what happens next…

Piping Plover by Mike Morel/USFWS

piping plover by Mike Morel, Puerto Rico

The details don’t matter – they belong to all of us – and loss, after all, is mostly a story about what happens next. What’s next for me, it seems, is the story of realizing that if there are answers at all, they might not be found in the broadest expanses. I find myself mostly lowering my habitual gaze-out-to-sea and settling down to rummage in these greenish-brown, often stinking, bug-infested wrack lines, the likes of which I must have skirted or stepped over thousands of times in my younger-me rush to get to the water. Sometimes I notice what lies tangled within them: the moon snail with its grotesque foot, trash turned into sea glass, driftwood, egg cases, jellyfish. And sometimes I notice what’s gone. Not just my grandiose quest, but also the vanished tangible.
~ Barbara Hurd
(Walking the Wrack Line: On Tidal Shifts & What Remains)

cease to recollect…

"Houses of Squam Light, Gloucester" by Edward Hopper (1882-1967) American Realist Painter & Printmaker

“Houses of Squam Light, Gloucester” by Edward Hopper

The Props assist the House
Until the House is built
And then the Props withdraw
And adequate, erect,
The House support itself
And cease to recollect
The Augur and the Carpenter -
Just such a retrospect
Hath the perfected Life -
A Past of Plank and Nail
And slowness – then the scaffolds drop
Affirming it a Soul -
~ Emily Dickinson
(The Poems of Emily Dickinson)

Great Black-backed Gulls

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The seagulls know the truth of it
And scream it overhead
~ David Gray
♫ (Nos Da Cariad) ♫

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Growing up visiting the beaches of Cape Cod I never paid close attention to seagulls, taking them very much for granted.  But in 2011, after reading the book, A Time for Everything, by Karl O. Knausgård, I’ve been drawn to these interesting sea birds. However, it wasn’t until April of last year (2012) that I noticed that there are different kinds of seagulls, when I saw a pair of black-headed gulls perched on a dock at Cumberland Island National Seashore in Georgia.

Now I’m pretty sure the gulls we commonly have on our beach here in Connecticut are ring-billed gulls. One day last August (2012), Tim & I were having a light supper sitting at a picnic table on the grass at our beach.  We were chatting away and I was watching a gull behind him, who was loitering on the grass, hoping for a handout.  (We never give them anything, however, because our food is not good for them.)  Slowly it dawned on me that this was the biggest gull I had ever laid eyes on!  And yet he had the speckled coloring of an immature one.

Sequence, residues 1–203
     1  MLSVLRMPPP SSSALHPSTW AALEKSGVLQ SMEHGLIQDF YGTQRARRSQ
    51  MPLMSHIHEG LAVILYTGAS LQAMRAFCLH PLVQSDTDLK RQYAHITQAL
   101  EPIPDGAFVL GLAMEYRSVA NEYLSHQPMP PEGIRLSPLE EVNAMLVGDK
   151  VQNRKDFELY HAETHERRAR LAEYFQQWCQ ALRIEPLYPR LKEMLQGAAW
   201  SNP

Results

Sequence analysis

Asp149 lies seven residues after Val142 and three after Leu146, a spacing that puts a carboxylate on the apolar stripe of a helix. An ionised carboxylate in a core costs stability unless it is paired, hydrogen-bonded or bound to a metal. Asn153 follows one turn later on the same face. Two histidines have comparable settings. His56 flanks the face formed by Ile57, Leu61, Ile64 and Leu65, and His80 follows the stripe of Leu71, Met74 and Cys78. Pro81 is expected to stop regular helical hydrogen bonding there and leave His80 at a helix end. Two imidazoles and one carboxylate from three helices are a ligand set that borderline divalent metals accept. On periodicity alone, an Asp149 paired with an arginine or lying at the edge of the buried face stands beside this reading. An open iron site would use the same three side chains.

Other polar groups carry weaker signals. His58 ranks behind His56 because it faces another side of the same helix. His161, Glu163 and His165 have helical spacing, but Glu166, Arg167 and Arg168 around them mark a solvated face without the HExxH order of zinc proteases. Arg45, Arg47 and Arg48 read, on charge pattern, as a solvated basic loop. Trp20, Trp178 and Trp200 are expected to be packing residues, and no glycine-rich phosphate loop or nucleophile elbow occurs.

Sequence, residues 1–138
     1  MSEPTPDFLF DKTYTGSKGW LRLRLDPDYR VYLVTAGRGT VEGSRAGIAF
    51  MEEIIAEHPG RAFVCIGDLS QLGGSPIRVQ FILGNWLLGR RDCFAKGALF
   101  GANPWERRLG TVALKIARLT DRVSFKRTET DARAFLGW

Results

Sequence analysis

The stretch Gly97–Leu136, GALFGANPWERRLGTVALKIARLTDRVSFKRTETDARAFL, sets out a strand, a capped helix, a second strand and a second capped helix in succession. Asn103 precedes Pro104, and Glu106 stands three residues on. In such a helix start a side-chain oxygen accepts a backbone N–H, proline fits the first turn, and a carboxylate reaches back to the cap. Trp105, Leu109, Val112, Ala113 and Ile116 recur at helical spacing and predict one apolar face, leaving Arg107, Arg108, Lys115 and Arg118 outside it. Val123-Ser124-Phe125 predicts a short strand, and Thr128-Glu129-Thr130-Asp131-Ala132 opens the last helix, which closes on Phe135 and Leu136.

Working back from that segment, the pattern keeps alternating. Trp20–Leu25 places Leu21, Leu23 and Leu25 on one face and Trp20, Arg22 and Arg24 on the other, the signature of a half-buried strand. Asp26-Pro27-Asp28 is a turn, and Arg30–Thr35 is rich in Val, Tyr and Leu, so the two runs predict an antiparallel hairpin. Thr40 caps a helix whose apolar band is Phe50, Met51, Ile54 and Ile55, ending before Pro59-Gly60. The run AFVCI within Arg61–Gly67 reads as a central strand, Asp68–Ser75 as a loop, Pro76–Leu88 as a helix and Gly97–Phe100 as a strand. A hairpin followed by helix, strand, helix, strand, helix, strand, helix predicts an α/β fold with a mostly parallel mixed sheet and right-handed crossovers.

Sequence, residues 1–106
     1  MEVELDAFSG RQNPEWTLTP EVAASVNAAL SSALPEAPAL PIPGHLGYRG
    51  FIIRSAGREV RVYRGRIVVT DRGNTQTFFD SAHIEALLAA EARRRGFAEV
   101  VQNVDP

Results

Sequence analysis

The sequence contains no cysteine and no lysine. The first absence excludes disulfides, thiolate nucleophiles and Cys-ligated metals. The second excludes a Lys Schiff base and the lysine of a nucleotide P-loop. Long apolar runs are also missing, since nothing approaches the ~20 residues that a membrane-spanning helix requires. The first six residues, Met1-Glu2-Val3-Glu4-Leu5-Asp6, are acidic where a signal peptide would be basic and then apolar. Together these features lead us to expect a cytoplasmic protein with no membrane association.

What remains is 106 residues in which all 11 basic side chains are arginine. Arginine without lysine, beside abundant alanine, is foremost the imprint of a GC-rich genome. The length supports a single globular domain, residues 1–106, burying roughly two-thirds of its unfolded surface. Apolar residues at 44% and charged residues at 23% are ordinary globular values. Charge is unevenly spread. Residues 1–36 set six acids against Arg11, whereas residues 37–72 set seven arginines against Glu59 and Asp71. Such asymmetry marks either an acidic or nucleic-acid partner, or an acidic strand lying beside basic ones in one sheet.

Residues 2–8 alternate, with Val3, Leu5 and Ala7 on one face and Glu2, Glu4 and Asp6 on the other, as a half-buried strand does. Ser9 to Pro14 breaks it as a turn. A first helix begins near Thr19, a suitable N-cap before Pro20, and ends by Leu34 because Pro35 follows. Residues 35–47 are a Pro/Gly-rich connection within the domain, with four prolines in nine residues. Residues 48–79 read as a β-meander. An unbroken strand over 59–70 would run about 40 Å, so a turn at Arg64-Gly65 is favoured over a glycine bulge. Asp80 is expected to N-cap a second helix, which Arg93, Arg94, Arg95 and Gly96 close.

Thankfully I had my camera, but when Tim turned around to see what I was so excited about the gull took off.  He came back, however, and began strutting along the sidewalk as if he owned the place.

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Eventually he walked up onto the rocks and posed for me.

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In the pictures above and below I was trying to capture this huge baby standing as close to an adult “regular” gull as I could, to illustrate the difference in size.  There were two of these large gulls present that day, but this was the one that came closer to us.

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Ten days after this gull encounter at the beach we had to take Tim to the hospital in the middle of the night.  At dawn I came home to shower and then return to the hospital.  As I started driving down Bank Street in New London there was a seagull in the middle of the street, feasting on some roadkill.  He didn’t move out of the way of my car until it was almost too late.  When he did take off he didn’t fly away, though.  He kept flying just a few feet in front of my car, flying very low, all the way down Bank Street to Parade Plaza.

If seagull shows up it means it’s time to clean up your home environment and let go of and recycle as much as you possibly can. … Spend a significant amount of time at the seashore meditating, allowing the rhythms of the waves and the wind to be your guiding pulse.
~ Dr. Steven D. Farmer
(Animal Spirit Guides)

It wasn’t until late September, when we took a day trip to Block Island, that we got a clue about the identity of these giant seagulls.  Our tour guide asked us if we had ever seen a great black-backed gull, the largest of all gulls.  Apparently they are showing up on Block Island, too!

After Tim came home from the hospital, but before we went to Block Island, son Nate came up from Georgia to help “clean out our home environment” after Tim’s hospital stay. While he was here we took him to the beach one evening, all excited about showing him the big seagulls.  But they weren’t there that night.  However, we sat with him there for hours, soaking up the healing power of the sea and talking about the wonders of the universe – a memory I will treasure forever.  The following sketch reminds me of some of our conversations, Mr. Logic and Ms. Wonder, chatting with their son…

DougNeill.exoplanets

image: Sketchnotes: Natalie Batalha on Exoplanets & Love

Since Nate left to go back home we have spotted the great black-backed gulls at the beach again many times, even after Hurricane Sandy and Blizzard Charlotte, so it looks like the two of them are planning to stick around for a while.  And my sister has reported seeing them there a couple of times, too, when she’s gone to the beach to eat a peaceful lunch in her car.  Beverly thought I had to be exaggerating until she saw them for herself!

Vegan ♥ Paleo

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To look for a “healthy” diet can be as discouraging as a search for the “true” religion.  I spent many years extricating myself from a belief system which had at one time seemed to have all the definitive answers my teenage self was yearning for.  One would think I might have learned a lesson or two about words and ideas that sound too good to be true.